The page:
on, okay. It's a natural consequence. If you don't eat, that you get hungry. So if your child is not eating his, his supper or his dinner, he's not eating it, a lot of parents then apply pressure, you're gonna sit here, and we're going to be here as long as it takes for you to finish that food. And now it's a battle of wills. And a lot of times the child was like, you know, this is a game that I can win. I can outlast my parents because they're frustrated. And I'm not. I'm just not going to do it. And we'll see how long this goes. Okay, you don't have to battle kids with food. Because there's a natural consequence of not eating your food. It's called hunger. So your son or your daughter doesn't want to eat their food, you just say, hey, that's fine. We'll just put that food away. And then when you are hungry, you can have that food, oh, can I have something else? No, this is the food that we're giving you. We'll put it away. And it will be here. If you want to wait a day. If you want to wait two days, that's fine. So you don't have to force your children to eat. Why? Because there's a hunger is a natural consequence. And they will experience it themselves. You don't have to do anything. Just sit back and let the natural consequences take their course. natural consequences are the best consequences. Because as a parent, you don't have to step in and do something. See when you step in and do something, then the child goes hold it. That doesn't make sense that the parent is being you know, oppressive and is putting this stuff on me. This wouldn't. This negative thing wouldn't happen to me if it wasn't For my parents, so they blame the parents. But in a natural consequence, look, I don't. It's not my it's not me. I'm not causing hunger. I provide food, you don't like the food, okay? Well, you wait until you're hungry enough, and maybe you will like the food. But it's up to you. natural consequences are the best. Number two, logical consequences. I Thessalonians For even when we were with you, says Paul, we gave you this rule if a man will not work he shall not eat now. That's a consequence. Okay, you don't get to eat if you don't work, but it's not a natural consequence. If you don't work, you don't naturally don't eat. I mean kids all the time eat even though they don't work. So for a child that doesn't, it's not it doesn't just happen. You know, I don't work, I don't clean up my toys, I don't do my chores, and I still eat. What do these things, how do these things go together. But they are logical, okay. And then you have to teach them the logic. Because in the real world, in the adult world, if you don't work, then you don't eat. If you don't work, you don't get money, and you can't buy things. See, if there's a logical connection to working, making money and buying stuff. It's a logical thing, work, money, buy stuff. If you don't work, you don't have money, you can't buy stuff. Now, your kids don't know this. You have to teach them this logic. This is the logic son, daughter, that you work. And when you work, you get money. And when you get money, you can buy food, you can buy things, these things go together, you don't work, you don't have money, you can buy things. This is how the real world works. So make logical consequences. So if if your child, you know, goes to school, and he goes on a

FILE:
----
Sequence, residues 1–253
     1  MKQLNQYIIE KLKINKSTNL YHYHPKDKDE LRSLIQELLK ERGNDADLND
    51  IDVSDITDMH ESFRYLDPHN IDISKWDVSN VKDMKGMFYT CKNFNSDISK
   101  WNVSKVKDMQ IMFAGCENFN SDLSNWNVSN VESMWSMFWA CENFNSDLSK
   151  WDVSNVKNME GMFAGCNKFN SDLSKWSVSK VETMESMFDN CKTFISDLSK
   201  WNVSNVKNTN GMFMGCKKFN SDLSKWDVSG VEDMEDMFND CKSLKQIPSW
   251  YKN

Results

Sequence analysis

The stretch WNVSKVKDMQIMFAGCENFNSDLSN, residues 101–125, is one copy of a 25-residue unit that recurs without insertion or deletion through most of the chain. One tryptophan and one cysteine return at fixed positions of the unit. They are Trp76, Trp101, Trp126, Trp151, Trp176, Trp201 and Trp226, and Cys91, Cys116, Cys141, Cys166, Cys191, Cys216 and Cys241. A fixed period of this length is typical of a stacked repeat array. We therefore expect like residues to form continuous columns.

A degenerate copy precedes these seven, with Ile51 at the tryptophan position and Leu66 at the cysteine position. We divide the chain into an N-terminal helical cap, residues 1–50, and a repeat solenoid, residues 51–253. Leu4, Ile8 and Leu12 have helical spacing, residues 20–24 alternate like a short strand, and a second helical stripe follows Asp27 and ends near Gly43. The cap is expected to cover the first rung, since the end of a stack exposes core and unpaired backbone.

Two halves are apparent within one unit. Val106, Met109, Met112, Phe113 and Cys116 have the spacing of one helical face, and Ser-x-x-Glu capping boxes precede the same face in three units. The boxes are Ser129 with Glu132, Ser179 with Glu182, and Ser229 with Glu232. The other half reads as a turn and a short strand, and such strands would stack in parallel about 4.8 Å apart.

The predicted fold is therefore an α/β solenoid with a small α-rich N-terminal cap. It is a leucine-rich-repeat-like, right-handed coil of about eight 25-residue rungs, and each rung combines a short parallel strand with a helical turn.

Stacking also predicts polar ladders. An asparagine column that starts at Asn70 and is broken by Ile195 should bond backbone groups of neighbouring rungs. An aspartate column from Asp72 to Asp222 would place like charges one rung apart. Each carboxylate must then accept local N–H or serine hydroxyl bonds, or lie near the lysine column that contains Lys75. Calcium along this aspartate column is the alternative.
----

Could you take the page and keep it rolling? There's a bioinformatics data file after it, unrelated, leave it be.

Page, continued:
bus, okay, and he doesn't get up on time is this hard time getting up in the morning. Fine. Let them walk. Now, it's not, it's not a natural consequence, because he could just stay in bed all day. But it's make sense, you miss the ride, you have to walk, you have to do it yourself, we have provided a way to get you from home to school. If you are too lazy to make access of the thing that we have provided, then you provide your own way. And since you're a child, you have no other way but to walk well then walk. Now, often parents aren't willing to pay that price. Oh, it can be dangerous for them. Let them walk and you follow in the car, do what it takes because they have to learn that if they if they make a mess of things, they experienced the negative consequences of making a mess of things. That way, they become more responsible. A lot of parents forever wake their kids up to go to school. You know, the kids 10 years old and the mom or the dad is still waking them up in the morning. Why? Well, if we don't wake him up, he won't get up. Give them an alarm. Yeah, but he doesn't he ignores the alarm, okay? He's not experiencing the consequences of his negative behavior. And he is allowing you to be responsible instead of he or she becoming responsible. You have to let your children experience the negative consequences of their bad behavior, if they are going to learn how to be responsible, stop rescuing your children. And we're helicopter parents. You know, we see our child in trouble and we rescue them, we see them experiencing a little bit a little bit of pain because of the things that they've done. And we can swoop in and rescue them. We don't want them to feel the pain. But see, you do want them to feel the pain. And guess what you want them to experience these things while they're still in your household. If you don't teach them responsibility, and let them experience the pain of their bad choices while they're in your home, then they're going to have to learn those things when they're outside of your home when they're, you know, trying to make it on their own. They're married, they have children, and now for the first time in their life, they're learning that there's consequences to things. And now the consequences are huge. They're not in your protective environment. You're loving, caring, protective environment. Now they're in the real world that doesn't care. So let them experience some of this pain. The three R's to a logical consequence. So how do you make up a logical consequence? Number one, it has to be related to their behavior. Okay, the you know, if you miss the bus you have to walk. It's it's not a natural consequence. But it's related. Okay? It sort of makes sense. The the both are in, you know, related to transportation. So the child is it's not like it's not related. Okay, if you missed the bus, you don't get to eat tonight. Again, okay, that's a consequence, but it doesn't make any sense. What is missing the bus have to do with missing a meal. Number two, it has to be reasonable to parent and child. Okay, you missed the bus, and you're grounded for a month, you can't go anywhere, you can't play with your friends for a month, well, that doesn't seem reasonable has to be reasonable to both parent and